The Reserve Bank of Australia is under fire for spending tens of thousands of taxpayer dollars on food and booze while the nation grappled with a worsening cost-of-living crisis.
Freedom of information documents showed the central bank spent $13,700 on food and nearly $4000 on alcohol for board dinner in Hobart, just hours before it increased cash rates for the seventh time.
Guests sipped on glasses of $68-per-bottle Freycinet Louis chardonnay and pinot noir, receipts show.
The RBA then spent $11,400 for a governors’ meeting held at the Lagoon Suite at the beachfront Ramada resort in Vanuatu, held under the theme “Rebuilding Our Economies Post Covid”.
Days after the RBA announced a 3.10 per cent interest rate rise in December, the bank held its annual Christmas party, where guests enjoyed kingfish ceviche, lamb cutlets and potato gnocchi.
Back-and-forth emails show executives considering a photo booth with “funny hats” to “add a bit of variety from the party in August”, a move eventually decided against.
“Seems like everyone is very much back into the swing of things like it is 2019!” an RBA staff member wrote in an email to an organiser.
When asked about the documents on Monday, Environment Minister Tanya Plibersek said public institutions should be “careful” with the way they spend their money.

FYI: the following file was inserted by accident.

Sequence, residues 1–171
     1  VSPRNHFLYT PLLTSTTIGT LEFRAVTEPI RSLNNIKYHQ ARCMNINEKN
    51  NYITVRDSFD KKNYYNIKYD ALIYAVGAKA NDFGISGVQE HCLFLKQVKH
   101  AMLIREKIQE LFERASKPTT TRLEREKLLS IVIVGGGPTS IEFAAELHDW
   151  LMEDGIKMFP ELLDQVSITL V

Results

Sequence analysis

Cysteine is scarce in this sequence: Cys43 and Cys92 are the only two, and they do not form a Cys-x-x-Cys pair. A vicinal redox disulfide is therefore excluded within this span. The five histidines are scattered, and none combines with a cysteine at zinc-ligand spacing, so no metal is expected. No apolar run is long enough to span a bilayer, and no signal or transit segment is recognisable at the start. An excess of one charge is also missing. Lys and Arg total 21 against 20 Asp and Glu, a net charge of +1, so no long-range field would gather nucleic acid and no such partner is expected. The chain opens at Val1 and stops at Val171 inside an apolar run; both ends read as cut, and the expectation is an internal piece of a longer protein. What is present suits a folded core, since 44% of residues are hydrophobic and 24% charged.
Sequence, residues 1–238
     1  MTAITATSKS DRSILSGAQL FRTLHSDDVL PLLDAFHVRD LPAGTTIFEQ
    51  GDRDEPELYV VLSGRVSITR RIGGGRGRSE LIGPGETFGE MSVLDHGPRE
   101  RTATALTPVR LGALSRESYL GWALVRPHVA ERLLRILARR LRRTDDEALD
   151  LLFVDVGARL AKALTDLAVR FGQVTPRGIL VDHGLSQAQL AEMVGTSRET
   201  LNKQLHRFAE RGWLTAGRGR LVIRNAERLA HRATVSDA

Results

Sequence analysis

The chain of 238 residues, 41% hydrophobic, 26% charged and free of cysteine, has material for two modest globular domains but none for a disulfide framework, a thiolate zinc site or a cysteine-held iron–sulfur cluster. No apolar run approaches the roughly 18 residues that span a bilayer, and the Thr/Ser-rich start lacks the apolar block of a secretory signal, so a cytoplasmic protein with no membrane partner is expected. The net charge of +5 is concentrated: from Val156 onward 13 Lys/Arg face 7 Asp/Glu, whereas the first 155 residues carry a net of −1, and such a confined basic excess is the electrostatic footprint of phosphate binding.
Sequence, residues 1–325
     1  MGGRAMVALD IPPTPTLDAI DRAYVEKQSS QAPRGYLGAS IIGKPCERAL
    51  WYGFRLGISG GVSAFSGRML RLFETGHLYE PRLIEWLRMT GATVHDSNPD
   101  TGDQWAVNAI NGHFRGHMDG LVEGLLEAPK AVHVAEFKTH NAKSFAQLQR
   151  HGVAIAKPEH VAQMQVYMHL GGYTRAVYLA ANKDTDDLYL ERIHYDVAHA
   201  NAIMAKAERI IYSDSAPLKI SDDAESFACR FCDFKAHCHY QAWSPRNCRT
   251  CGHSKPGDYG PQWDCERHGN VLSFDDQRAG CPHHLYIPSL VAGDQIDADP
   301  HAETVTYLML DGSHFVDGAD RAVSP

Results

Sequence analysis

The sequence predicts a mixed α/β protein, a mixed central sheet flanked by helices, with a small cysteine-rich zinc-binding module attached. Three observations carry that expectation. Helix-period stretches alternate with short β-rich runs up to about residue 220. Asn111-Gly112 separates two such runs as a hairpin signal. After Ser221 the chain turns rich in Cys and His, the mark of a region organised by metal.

“One of the changes that Jim Chalmers has proposed to when it comes to the Reserve Bank is that it should be more transparent and should give regular press conferences, for example, to explain the decisions it’s making to Australians,” Ms Plibersek said.
The RBA also attracted backlash in June after reports showed it spent nearly $25,000 on an exclusive 30-person dinner in May after raising the cash rate for the 11th time.
Nationals MP Barnaby Joyce said he had “no problems” with the bank splashing out on lunches and dinners, as long as it was upfront about it.
“If you are spending on a $4000 grog bill and a $13,000 food bill, then make sure you put it out into the papers the next day,” Mr Joyce said on Monday.
“We are not that stupid. They are a professional organisation.”
Australia’s interest rate of 4.1 per cent sits at its highest level since 2012 despite the RBA pausing its regular hikes in August.
New ABS data shows that a record number of Australians are working more than one job to keep up with surging living costs, with levels of mortgage stress at their highest since 2008.